NEW YORK (CBSNewYork) — In a surprising twist, the incidence of kidney stones are on the rise in teenage patients.
The occurrence is rising enough that some experts are calling it an epidemic. They can be very painful, but they’re also indicators of a larger disorder of mineral metabolism.
It can mean chronic kidney disease, osteoporosis, and even cardiovascular disease — several reasons why doctors are concerned about stones showing up in young people.
Emma Gaal is only 17-years-old, and already she’s a veteran “stone-maker.” She had her first kidney stone in the first grade.
“As my mom tells the story I was screaming in pain,” she said. “They had no clue what was going on. They sent me home and I passed the stone.”
Since then, Emma has made several more stones. She even had a couple lasered to remove them.
What’s most shocking is that she’s got a lot of company.
“I certainly think we’re seeing an epidemic of stone diseases among adolescents and children,” Dr. Gregory Tasian from the Children’s Hospital of Philadelphia said.
Tasian has some theories as to why it’s happening.
“Diet has probably something to do with it,” he said. “One thing that our research group is also examining is the effect of antibiotics as well as the microbiome on, uh, the risk factors for stones.”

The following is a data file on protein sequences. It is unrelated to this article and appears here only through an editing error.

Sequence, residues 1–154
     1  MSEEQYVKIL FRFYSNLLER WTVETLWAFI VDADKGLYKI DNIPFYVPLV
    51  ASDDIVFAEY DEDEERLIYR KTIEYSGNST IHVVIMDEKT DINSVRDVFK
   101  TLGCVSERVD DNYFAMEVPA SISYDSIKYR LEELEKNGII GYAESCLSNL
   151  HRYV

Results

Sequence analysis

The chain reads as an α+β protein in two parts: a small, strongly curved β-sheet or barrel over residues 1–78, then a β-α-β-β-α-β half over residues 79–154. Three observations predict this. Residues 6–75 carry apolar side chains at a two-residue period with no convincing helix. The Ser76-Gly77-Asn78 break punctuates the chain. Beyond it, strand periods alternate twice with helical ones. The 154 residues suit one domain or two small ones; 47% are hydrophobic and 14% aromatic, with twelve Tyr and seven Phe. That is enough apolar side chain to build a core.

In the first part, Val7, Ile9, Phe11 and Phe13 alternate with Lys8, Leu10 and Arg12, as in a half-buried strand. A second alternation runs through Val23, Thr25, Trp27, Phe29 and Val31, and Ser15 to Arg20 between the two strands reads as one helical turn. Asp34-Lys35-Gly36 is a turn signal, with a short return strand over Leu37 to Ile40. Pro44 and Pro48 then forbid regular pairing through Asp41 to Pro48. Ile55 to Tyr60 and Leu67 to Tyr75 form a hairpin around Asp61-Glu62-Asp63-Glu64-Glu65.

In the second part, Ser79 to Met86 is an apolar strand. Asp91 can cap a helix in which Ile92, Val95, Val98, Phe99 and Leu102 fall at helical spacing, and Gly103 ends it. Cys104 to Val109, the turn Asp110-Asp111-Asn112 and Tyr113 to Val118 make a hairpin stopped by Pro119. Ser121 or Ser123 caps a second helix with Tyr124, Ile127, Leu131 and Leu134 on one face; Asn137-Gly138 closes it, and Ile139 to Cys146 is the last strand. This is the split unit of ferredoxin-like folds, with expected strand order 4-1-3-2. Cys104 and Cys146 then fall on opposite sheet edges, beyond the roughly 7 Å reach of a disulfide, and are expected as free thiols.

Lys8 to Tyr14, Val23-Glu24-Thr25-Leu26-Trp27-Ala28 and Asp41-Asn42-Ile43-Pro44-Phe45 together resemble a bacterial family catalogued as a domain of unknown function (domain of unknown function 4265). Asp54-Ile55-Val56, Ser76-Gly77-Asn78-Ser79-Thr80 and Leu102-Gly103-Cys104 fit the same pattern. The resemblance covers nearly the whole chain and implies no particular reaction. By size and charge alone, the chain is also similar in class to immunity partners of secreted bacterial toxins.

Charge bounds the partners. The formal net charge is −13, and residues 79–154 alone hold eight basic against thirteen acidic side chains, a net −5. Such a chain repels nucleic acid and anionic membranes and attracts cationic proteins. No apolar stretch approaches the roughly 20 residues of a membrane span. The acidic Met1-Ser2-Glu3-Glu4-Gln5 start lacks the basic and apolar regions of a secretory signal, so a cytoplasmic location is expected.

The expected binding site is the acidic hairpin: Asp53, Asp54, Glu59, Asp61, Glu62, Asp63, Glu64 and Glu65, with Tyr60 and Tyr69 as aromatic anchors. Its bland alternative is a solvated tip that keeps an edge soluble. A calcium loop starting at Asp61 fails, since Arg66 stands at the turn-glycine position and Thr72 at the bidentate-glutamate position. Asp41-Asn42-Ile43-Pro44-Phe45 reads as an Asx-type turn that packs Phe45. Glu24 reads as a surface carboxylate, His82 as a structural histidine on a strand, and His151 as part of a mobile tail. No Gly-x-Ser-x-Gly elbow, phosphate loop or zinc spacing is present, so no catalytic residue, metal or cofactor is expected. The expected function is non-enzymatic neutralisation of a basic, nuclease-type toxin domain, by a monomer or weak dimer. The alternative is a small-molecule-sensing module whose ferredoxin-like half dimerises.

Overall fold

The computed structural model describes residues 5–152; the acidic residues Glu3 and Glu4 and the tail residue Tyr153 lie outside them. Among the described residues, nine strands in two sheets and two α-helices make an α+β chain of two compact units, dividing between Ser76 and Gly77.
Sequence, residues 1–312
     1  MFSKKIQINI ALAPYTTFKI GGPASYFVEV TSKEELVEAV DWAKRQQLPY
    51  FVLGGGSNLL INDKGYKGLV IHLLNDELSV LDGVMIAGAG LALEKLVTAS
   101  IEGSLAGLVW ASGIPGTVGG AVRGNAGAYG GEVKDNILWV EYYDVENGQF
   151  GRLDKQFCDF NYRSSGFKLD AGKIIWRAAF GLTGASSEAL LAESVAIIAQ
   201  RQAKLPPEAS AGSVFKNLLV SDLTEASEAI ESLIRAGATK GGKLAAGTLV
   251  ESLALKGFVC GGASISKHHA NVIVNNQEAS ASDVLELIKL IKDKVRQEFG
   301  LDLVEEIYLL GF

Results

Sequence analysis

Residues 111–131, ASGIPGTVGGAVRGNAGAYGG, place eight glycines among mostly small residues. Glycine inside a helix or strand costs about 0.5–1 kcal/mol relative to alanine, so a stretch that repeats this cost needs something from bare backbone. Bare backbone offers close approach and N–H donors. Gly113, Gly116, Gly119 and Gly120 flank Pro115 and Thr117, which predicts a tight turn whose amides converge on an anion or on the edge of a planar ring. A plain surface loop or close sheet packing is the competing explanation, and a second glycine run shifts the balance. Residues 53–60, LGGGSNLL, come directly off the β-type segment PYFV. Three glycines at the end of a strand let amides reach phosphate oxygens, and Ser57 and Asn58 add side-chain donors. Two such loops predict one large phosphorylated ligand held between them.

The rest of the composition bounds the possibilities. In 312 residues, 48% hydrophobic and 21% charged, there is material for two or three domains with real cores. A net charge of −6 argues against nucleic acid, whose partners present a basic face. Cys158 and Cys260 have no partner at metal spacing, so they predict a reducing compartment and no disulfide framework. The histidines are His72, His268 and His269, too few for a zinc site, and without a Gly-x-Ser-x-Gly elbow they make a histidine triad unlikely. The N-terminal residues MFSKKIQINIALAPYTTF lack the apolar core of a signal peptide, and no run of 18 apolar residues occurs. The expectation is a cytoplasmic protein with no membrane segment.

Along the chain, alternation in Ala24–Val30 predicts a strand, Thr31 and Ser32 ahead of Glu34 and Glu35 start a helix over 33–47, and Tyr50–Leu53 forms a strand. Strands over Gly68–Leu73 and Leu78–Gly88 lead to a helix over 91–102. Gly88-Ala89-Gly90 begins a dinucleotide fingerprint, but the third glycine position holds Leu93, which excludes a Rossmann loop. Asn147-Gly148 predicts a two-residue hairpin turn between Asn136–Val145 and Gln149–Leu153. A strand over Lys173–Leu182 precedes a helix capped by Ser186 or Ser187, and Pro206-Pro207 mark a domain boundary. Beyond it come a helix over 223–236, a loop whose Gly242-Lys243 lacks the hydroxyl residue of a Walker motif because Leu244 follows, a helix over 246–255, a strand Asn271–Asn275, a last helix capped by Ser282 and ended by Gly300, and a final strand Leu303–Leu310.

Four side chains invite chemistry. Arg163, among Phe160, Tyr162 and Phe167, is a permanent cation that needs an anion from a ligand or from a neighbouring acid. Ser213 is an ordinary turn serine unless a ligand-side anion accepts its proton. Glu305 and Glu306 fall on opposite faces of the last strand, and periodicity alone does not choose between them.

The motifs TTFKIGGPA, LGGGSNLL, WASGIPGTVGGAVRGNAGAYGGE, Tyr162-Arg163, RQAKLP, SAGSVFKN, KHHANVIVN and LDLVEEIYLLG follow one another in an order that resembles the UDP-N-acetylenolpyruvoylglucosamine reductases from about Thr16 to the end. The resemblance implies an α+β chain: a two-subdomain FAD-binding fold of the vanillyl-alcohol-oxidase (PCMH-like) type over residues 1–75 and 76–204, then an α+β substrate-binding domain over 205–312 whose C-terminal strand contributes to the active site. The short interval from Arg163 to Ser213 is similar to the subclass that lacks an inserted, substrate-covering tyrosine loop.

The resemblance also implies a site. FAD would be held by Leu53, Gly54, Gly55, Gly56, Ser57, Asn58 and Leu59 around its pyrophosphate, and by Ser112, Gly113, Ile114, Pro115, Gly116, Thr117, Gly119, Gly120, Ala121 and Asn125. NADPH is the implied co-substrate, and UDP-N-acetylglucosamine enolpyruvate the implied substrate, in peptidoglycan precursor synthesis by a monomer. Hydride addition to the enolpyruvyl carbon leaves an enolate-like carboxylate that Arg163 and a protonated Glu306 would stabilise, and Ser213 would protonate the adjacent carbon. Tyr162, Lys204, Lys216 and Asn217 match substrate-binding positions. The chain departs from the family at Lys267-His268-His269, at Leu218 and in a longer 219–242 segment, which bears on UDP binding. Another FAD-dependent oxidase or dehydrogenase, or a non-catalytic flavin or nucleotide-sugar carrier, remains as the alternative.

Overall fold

Emma is taking part in a study with the National Institute of Health, which is trying to identify stone risks in adolescents and how to prevent them. The number one prevention is water, and lots of it. Emma carries several bottles with her daily to help swig the mandated 100 ounces a day — more than three quarts.
“I think at first it was a lot of water and I was, I was sick to my stomach after drinking that much water because I wasn’t used to that amount of water,” she said. “Now my body’s adjusted.”
Making things easier is a smart bottle, which senses how much water Emma drinks and links to her smart phone via Bluetooth. She also takes medicine that helps keep stones from forming.
Since different people make different kinds of stones, the medicines vary from patient to patient. One thing they all have do do, though, is drink their water.